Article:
Birmingham has emerged as a hotspot for converting offices into residential accommodation – as a drive to provide over 11,000 new UK homes gathers pace.
A report highlighting how 11,500 new homes could be created by converting 7.4 million sq ft of the UK’s obsolete office stock was launched in the Midlands by national commercial property consultancy Lambert Smith Hampton.
And the report shows that Birmingham has the most office-to-residential conversion potential, followed by Edinburgh and, in third place, Nottingham, according to LSH.
More than 80 property professionals from across the region attended an event at the company’s Birmingham offices where the latest research, Office Market Review 2013: Addressing Obsolescence – was unveiled.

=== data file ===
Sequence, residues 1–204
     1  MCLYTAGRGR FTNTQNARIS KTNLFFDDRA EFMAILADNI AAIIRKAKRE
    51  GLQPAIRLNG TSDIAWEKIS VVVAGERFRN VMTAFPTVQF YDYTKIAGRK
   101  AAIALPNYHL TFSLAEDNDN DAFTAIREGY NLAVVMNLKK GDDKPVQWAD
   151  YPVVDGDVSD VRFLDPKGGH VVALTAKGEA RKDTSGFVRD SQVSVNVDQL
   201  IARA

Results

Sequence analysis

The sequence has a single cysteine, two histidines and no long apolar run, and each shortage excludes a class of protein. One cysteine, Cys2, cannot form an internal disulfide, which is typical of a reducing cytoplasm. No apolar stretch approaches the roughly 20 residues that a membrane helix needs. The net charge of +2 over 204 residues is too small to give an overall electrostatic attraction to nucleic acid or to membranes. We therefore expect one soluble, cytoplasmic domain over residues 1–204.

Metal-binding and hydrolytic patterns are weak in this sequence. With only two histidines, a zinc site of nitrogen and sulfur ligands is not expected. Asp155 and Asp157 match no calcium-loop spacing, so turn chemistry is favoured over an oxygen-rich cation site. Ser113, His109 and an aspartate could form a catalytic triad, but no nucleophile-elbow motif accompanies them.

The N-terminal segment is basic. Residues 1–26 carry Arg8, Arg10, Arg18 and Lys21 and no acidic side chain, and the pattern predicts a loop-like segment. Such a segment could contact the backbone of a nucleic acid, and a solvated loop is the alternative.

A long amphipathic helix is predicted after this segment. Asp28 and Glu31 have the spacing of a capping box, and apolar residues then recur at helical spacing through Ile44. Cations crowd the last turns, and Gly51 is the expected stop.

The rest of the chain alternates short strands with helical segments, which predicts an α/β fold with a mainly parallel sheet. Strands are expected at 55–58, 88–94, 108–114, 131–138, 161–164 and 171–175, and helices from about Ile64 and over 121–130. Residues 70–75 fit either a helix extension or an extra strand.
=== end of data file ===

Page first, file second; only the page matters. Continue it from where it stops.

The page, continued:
Regional director of office agency Ian Leather told the audience that if obsolete offices were converted, the potential 11,500 new homes would fulfill 25 per cent of the total recently pledged by the Deputy Prime Minister, Nick Clegg.
LSH’s research analysed 32 regional markets and found that 27 per cent of total regional availability is obsolete (11.7m sq ft) and of this stock 7.4m sq ft is suitable for conversion.
The top five centres from the 32, where there are buildings in the right locations, with suitable layouts and residential demand, are Birmingham, Edinburgh, Nottingham, Slough and Manchester.
Ian said: “Modern workplace trends have changed office occupier’s requirements – they need flexible, open plan space and, crucially, less of it. In the last 20 years, the amount of allocated space per person in an average UK office has halved.
"Office occupier requirements will continue in this vein, meaning any stock that does not meet modern workplace trends is unlikely to ever be let again and while not every obsolete building can be converted a fair proportion could be.”